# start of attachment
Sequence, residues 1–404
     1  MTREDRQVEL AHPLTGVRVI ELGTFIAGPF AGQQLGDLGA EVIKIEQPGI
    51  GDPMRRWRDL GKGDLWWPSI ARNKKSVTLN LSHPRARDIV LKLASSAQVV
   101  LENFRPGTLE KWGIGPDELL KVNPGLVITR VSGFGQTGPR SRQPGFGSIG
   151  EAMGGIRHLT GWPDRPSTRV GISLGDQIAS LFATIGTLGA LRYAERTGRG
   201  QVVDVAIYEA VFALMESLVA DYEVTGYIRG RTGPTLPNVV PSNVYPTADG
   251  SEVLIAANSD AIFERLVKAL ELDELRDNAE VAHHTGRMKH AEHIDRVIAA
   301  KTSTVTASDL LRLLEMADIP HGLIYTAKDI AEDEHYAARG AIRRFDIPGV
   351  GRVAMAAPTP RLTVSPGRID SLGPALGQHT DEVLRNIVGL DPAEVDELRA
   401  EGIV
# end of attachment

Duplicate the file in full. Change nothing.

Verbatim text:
Sequence, residues 1–404
     1  MTREDRQVEL AHPLTGVRVI ELGTFIAGPF AGQQLGDLGA EVIKIEQPGI
    51  GDPMRRWRDL GKGDLWWPSI ARNKKSVTLN LSHPRARDIV LKLASSAQVV
   101  LENFRPGTLE KWGIGPDELL KVNPGLVITR VSGFGQTGPR SRQPGFGSIG
   151  EAMGGIRHLT GWPDRPSTRV GISLGDQIAS LFATIGTLGA LRYAERTGRG
   201  QVVDVAIYEA VFALMESLVA DYEVTGYIRG RTGPTLPNVV PSNVYPTADG
   251  SEVLIAANSD AIFERLVKAL ELDELRDNAE VAHHTGRMKH AEHIDRVIAA
   301  KTSTVTASDL LRLLEMADIP HGLIYTAKDI AEDEHYAARG AIRRFDIPGV
   351  GRVAMAAPTP RLTVSPGRID SLGPALGQHT DEVLRNIVGL DPAEVDELRA
   401  EGIV